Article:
Hair loss can seem like a playground bully who sneaks up behind you and takes cheap shots when you’re least expecting it. Though baldness is usually associated with old age, some people start losing their beautiful locks as young as their 20s. Coping with any type of hair loss is emotionally challenging, but it’s especially difficult when you’re young.
Even if you’re blindsided by a receding hairline or thinning hair, you don’t have to take it lying down. Hair loss may be cruel and unexpected, but it isn’t unbeatable. From taking FDA-approved medications to undergoing a hair transplant, here are some ways to fight back and show hair loss who’s boss.
Understand Your Treatment Options
At first glance, you may feel completely helpless to combat thinning hair. But with a little research, you’ll soon discover how many treatment options are available to help you. Depending on the degree of hair loss you’re experiencing, some treatments may work better than others. When you first start to notice mild thinning hair, the best option may be to use topical or oral hair loss medications. During moderate to advanced stages of balding, hair restoration, and other dramatic options may be more successful.
There isn’t a single “right” solution that works well for everyone with thinning hair. You’ll need to research your options to determine the best treatment fit for you. To help you make an informed decision, here is an overview of some of the most popular treatments available.
Topical medications such as minoxidil and finasteride are a great first course of action for thinning hair. Minoxidil is FDA-approved for treating androgenetic alopecia, which is also known as male pattern baldness or female pattern baldness. It helps stimulate the regrowth of hair by increasing the flow of blood to damaged hair follicles.
Finasteride also tackles baldness, but not in the same way as minoxidil. It blocks a hormone in the body called dihydrotestosterone (DHT). This is a male sex hormone that plays a huge role in male pattern baldness. By blocking it, finasteride can slow or even stop unwanted hair loss.
It’s important to note that finasteride is only FDA-approved for treating male pattern baldness. It is not approved for female pattern baldness because it can cause many unwanted side effects in women. Some of these include excess weight gain, depression, decreased libido, and fatigue. Finasteride is also considered a “category X” drug, which means it has a high likelihood of causing fetal harm. Women of childbearing age should exercise extreme caution when deciding whether to use finasteride for hair loss.
In addition to their popular topical forms, minoxidil and finasteride both come in oral forms, as well. Some people may prefer to take oral medications because they view them as more effective. Research in this area is limited, so it is not clear whether oral or topical hair loss medications are more effective.
In some cases, oral medications may be viewed as more appealing because they are easy to take. They don’t have to be applied to the hair daily and aren’t messy at all. Topical medications require more frequent hair washes, which may be inconvenient for some people.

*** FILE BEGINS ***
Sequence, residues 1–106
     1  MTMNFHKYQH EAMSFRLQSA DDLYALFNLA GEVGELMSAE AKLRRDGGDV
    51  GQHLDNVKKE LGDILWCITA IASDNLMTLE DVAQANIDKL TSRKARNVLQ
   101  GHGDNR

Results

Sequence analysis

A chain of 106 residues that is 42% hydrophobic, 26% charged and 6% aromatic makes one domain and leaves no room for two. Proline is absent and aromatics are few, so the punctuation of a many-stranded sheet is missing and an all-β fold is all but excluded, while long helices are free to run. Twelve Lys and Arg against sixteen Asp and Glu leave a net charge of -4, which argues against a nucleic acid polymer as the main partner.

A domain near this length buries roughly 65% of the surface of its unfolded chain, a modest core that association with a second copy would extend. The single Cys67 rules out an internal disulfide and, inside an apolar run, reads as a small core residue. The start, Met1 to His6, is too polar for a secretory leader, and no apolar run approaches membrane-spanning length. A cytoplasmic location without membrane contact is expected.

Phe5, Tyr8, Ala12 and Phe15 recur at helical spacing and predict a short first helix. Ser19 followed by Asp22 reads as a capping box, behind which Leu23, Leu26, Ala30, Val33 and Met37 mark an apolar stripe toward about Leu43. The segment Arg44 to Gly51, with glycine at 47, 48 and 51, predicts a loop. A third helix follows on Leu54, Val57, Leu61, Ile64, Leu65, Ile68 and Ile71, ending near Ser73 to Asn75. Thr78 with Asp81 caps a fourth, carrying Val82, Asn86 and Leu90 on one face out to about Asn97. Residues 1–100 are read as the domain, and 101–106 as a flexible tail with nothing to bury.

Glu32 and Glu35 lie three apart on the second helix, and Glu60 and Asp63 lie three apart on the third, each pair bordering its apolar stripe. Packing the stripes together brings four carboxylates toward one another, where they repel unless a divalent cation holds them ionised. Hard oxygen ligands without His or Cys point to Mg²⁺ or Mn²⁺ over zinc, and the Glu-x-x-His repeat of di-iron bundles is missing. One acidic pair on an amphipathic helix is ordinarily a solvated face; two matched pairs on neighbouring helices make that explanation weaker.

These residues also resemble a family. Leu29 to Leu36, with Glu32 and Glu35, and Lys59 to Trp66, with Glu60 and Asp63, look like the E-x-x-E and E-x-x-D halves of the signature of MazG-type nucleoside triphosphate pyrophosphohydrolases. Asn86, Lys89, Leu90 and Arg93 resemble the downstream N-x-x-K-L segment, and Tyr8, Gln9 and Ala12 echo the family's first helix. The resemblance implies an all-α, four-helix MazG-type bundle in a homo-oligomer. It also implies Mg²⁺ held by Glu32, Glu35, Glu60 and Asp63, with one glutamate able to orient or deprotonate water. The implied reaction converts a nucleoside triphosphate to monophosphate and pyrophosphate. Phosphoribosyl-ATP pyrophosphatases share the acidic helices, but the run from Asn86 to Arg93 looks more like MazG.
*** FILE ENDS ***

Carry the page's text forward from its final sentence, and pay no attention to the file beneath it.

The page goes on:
However, if you decide to try oral hair loss medications, you should be aware of their potential side effects. Because they’re taken internally, their side effects are more readily apparent than those associated with topical medications. Some of the side effects caused by oral hair loss medications include headaches, racing heartbeat, dizziness, bloating, and cold sweats. People who don’t tolerate these medications often fare much better when they switch to topical forms.
Hair transplants are more invasive than medications. But for people with moderate to advanced hair loss, they are often the best course of action. Today’s hair transplants are much more natural-looking than the hair transplants of the 80s and 90s. You don’t need to worry about having obvious “hair plugs” when you choose these procedures.
Not all hair transplants are created equal though. Follicular unit extraction (FUE) is the least invasive type of hair transplant available. Unlike follicular unit transplantation (FUT), it doesn’t remove a long strip of scalp from your head. Instead, FUE involves painstakingly moving individual hair follicles from one location on the head to another.
FUE takes longer than FUT due to its highly precise nature. But the visible results are frequently much better because you don’t end up with a noticeable, linear scar on the back of your head. Plus, FUE causes less bleeding and has a lower risk of complications than FUT. But if you’re trying to save money, FUT is usually the cheaper option. Consider using topical minoxidil or finasteride after your hair transplant to enhance your results and speed up hair regrowth.
Find the Option That’s Right for You
When you notice the first signs of hair thinning, don’t throw up your hands and proclaim hair loss the victor. You have more options in the battle against balding than you might realize. From topical and oral medications to hair transplants, the tools in your arsenal are powerful. Learn more about these treatments so you can determine which options are right for you.